OR IMMEDIATE RELEASE: OCTOBER 11, 2003
Gephardt Health Care Stance Wins Support From
Nation’s Largest Private Sector Union
Davenport, Iowa—Today, the nation’s largest private sector union, and the largest union in Iowa, put the support of its 1.4 million members behind Dick Gephardt for President. The United Food and Commercial Workers International Union endorsed the Gephardt campaign based on his plan to protect the employer-based health care system in the U.S.
The UFCW is at the forefront of the fight to protect health care at work for millions of working families. This weekend, UFCW is leading more than 70,000 supermarket employees on strike in Southern California to fight back against employer demands to destroy health benefits for workers and their families. In the meatpacking industry, UFCW members have been on strike since February 28, 2003, at Tyson Foods in Jefferson, Wisconsin, to stop Tyson from slashing health care for the 470 workers. In St. Louis, Missouri, 10,000 retail food workers are on the picket line fighting back against a similar employer demand that would threaten workers’ medical benefits.
“Most Americans get health care at work, and we want to keep it that way because the UFCW believes if you do the work, you’ve earned affordable health care,” said UFCW International Secretary-Treasurer Joe Hansen.
“If you have medical benefits at work, the Gephardt plan will make sure you keep them and that they stay affordable,” continued Hansen. “If you work, but don’t get benefits, the Gephardt plan will make sure you do.”
The endorsement was based on UFCW members’ views on working family issues in the context of the 2004 presidential election.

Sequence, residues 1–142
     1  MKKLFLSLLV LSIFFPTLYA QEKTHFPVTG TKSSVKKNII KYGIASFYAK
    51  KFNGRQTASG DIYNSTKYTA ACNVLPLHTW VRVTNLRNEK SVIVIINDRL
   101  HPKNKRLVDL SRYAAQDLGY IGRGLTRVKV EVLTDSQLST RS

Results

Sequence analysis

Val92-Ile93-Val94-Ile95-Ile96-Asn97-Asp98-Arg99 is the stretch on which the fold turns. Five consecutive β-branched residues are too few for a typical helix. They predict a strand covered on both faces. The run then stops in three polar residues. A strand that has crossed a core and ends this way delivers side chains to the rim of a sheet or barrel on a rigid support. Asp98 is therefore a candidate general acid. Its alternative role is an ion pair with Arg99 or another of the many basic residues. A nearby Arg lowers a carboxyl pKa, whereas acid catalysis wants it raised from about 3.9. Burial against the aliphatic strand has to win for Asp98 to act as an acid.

Research, conducted by the Wilson Center for Public Research, shows that UFCW members feel the government should take action to deal with:
· Rapidly rising health care costs (94%)
· 44 million Americans without health insurance (91%)
· Employer demands for cuts in medical benefits (87%)
In addition, 97% of those polled felt that a candidate’s position on protecting health care at work was important—75% said it was crucial—to making a decision about their choice for President in 2004.
These perceptions reflect the views of the cashier moms, a key demographic in next year’s election. UFCW membership mirrors the general workforce population in every category—gender, race, age, and marital status, making UFCW member views a snapshot of those held by millions of working people around the country.
The UFCW represents 1.4 million workers in the supermarket, meatpacking, poultry, food processing, health care, chemical, textile and garment, distillery, and other industries.